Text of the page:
- Press Release
- Nov 29, 2022
Tau Ceti: The Going Gets Tough for Life in Other Solar Systems
Though the star Tau Ceti is similar to the Sun, any planets it has are
unlikely to be havens for life, say a team of UK astronomers. Using
submillimetre images of the disk of material surrounding Tau Ceti, they
found that it must contain more than ten times as many comets and
asteroids than there are in the Solar System. With so many more space
rocks hurtling around the star, devastating collisions of the sort that
could lead to the destruction of life would be much more likely in the
Tau Ceti system than in our own planetary system.
Publication of the result in Monthly Notices of the Royal Astronomical
Society coincides with an exhibit ‘Hunting for Planets in Stardust’ at
the Royal Society Summer Exhibition by the same science team from the
UK Astronomy Technology Centre in Edinburgh and the University of St.
Andrews. (Details of the media preview are given in the notes.)
Tau Ceti, only 12 light years away, is the nearest sun-like star and is
easily visible without a telescope. It is the first star to be found to
have a disk of dust and comets around it similar in size and shape to
the disk of comets and asteroids that orbits the Sun. But the
ends there explains Jane Greaves, Royal Astronomical Society Norman
Lockyer Fellow and lead scientist: ‘Tau Ceti has more than ten times
number of comets and asteroids that there are in our Solar System. We
don’t yet know whether there are any planets orbiting Tau Ceti, but if
there are, it is likely that they will experience constant bombardment
from asteroids of the kind that is believed to have wiped out the
dinosaurs. It is likely that with so many large impacts life would not
have the opportunity to evolve.’
The discovery means that scientists are going to have to rethink where
they look for civilisations outside our Solar System. Jane Greaves
continues, ‘We will have to look for stars which are even more like the
Sun, in other words, ones which have only a small number of comets and
asteroids. It may be that hostile systems like Tau Ceti are just as
common as suitable ones like the Sun.’
The reason for the larger number of comets is not fully understood
explains Mark Wyatt, another member of the team: ‘It could be that the
Sun passed relatively close to another star at some point in its
and that the close encounter stripped most of the comets and asteroids
from around the Sun.’
The new results are based on observations taken with the world’s most
sensitive submillimetre camera, SCUBA. The camera, built by the Royal
Observatory, Edinburgh, is operated on the James Clerk Maxwell
in Hawaii. The SCUBA image shows a disk of very cold dust (-210 degrees
C) in orbit around the star. The dust is produced by collisions between
larger comets and asteroids that break them down into smaller and
Images are available from http://www.pparc.ac.uk/Nw/tc_images.asp and can be accessed using
username tcMedia and password ngc247.
(The password will be taken off once the embargo expires.)
1. Artist’s impression: For any planets orbiting Tau Ceti, the skies
will be criss-crossed with comets and meteors will frequently strike
Credit: David Hardy.
2. SCUBA Image: Image of the disc of dust particles around the star Tau
Ceti, taken with the submillimetre-wavelength camera SCUBA. The false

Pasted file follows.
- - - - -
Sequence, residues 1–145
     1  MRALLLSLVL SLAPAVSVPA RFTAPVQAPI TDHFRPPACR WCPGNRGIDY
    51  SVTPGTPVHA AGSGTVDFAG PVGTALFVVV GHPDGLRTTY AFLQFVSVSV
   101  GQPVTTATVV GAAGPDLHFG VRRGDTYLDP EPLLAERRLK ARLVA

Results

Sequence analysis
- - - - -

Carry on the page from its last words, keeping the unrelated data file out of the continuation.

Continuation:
colours show the brightness of the disc. Its diameter is slightly
larger than the Solar System. Credit: James Clerk Maxwell Telescope.
3. The James Clerk Maxwell Telescope (JCMT) was used to take the image
of the Tau Ceti dust disk. It is the world’s largest single-dish
submillimetre telescope. It collects faint submillimetre signals with
its 15 metre diameter dish. It is situated near the summit of Mauna Kea
on the Big Island of Hawaii, at an altitude of approximately 4000
metres (14000 feet) above sea level.
Credit: Nik Szymanek.
Dr Jane Greaves, Astronomer, University of St Andrew
Phone: (+44) (0)7745 127391
Peter Barratt, Head of Communications, PPARC
Phone (+44) (0)1793 442025
Eleanor Gilchrist, Public Relations Officer,
Royal Observatory Edinburgh
Phone (mobile): (+44) (0)771 873 6971
Phone (office): (+44) (0)131 668 8379
Douglas Pierce Price, James Clerk Maxwell Telescope
Phone: (+1) 808 969 6524
1. Royal Society Summer Exhibition
The Royal Society Summer Exhibition runs from 5 to 8 July and is
open to the general public on
Monday 5 July 6 p.m. – 9 p.m.; Tuesday 6 July 11a.m. – 4.30 p.m.;=20
Wednesday 7 and Thursday 8 July 10 a.m. – 4.30 p.m.
There is a media preview on Tuesday 5 July 10 a.m. – 11 a.m. To
pre-register please email firstname.lastname@example.org.
2. Observing Tau Ceti
Tau Ceti is in the constellation Cetus. Although it is visible without
a telescope, at this time of year it rises in the South East at about
3 a.m. – just before the Sun, so is very hard to spot.
3. The James Clerk Maxwell Telescope (JCMT)
The JCMT is the world’s largest single-dish submillimetre telescope. It
is situated near the summit of Mauna Kea on the Big Island of Hawaii,
an altitude of approximately 4000 metres (14000 feet) above sea level.
It is operated by the Joint Astronomy Centre, on behalf of the UK
Particle Physics and Astronomy Research Council, the Canadian National
Research Council, and the Netherlands Organisation for Scientific
SCUBA (the Submillimetre Common-User Bolometer Array) is the world’s
most powerful submillimetre camera. It is attached to the James Clerk
Maxwell Telescope, and contains sensitive detectors called bolometers,
which are cooled to 60 milliKelvin, 0.06 degrees above absolute zero
(60 milliKelvin is about -273.1 degrees Celsius or -459.6 degrees
Fahrenheit). SCUBA was built in the UK by the Royal Observatory,
Edinburgh, at what is now the UK Astronomy Technology Centre.